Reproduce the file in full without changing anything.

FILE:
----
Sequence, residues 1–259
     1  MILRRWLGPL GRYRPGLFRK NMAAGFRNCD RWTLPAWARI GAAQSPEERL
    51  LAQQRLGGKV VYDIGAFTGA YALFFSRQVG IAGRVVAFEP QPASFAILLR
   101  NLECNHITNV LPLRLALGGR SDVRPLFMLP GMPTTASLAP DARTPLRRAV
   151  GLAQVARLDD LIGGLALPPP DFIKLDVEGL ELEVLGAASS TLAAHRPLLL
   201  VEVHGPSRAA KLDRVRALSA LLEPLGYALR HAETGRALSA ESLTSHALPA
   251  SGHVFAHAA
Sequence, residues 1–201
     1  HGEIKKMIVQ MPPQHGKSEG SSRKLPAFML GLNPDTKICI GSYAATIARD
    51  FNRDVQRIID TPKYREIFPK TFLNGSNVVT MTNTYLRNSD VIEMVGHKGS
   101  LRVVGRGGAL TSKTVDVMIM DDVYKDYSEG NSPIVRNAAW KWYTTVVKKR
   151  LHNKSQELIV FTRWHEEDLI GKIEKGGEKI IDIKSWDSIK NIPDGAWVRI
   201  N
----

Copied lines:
Sequence, residues 1–259
     1  MILRRWLGPL GRYRPGLFRK NMAAGFRNCD RWTLPAWARI GAAQSPEERL
    51  LAQQRLGGKV VYDIGAFTGA YALFFSRQVG IAGRVVAFEP QPASFAILLR
   101  NLECNHITNV LPLRLALGGR SDVRPLFMLP GMPTTASLAP DARTPLRRAV
   151  GLAQVARLDD LIGGLALPPP DFIKLDVEGL ELEVLGAASS TLAAHRPLLL
   201  VEVHGPSRAA KLDRVRALSA LLEPLGYALR HAETGRALSA ESLTSHALPA
   251  SGHVFAHAA
Sequence, residues 1–201
     1  HGEIKKMIVQ MPPQHGKSEG SSRKLPAFML GLNPDTKICI GSYAATIARD
    51  FNRDVQRIID TPKYREIFPK TFLNGSNVVT MTNTYLRNSD VIEMVGHKGS
   101  LRVVGRGGAL TSKTVDVMIM DDVYKDYSEG NSPIVRNAAW KWYTTVVKKR
   151  LHNKSQELIV FTRWHEEDLI GKIEKGGEKI IDIKSWDSIK NIPDGAWVRI
   201  N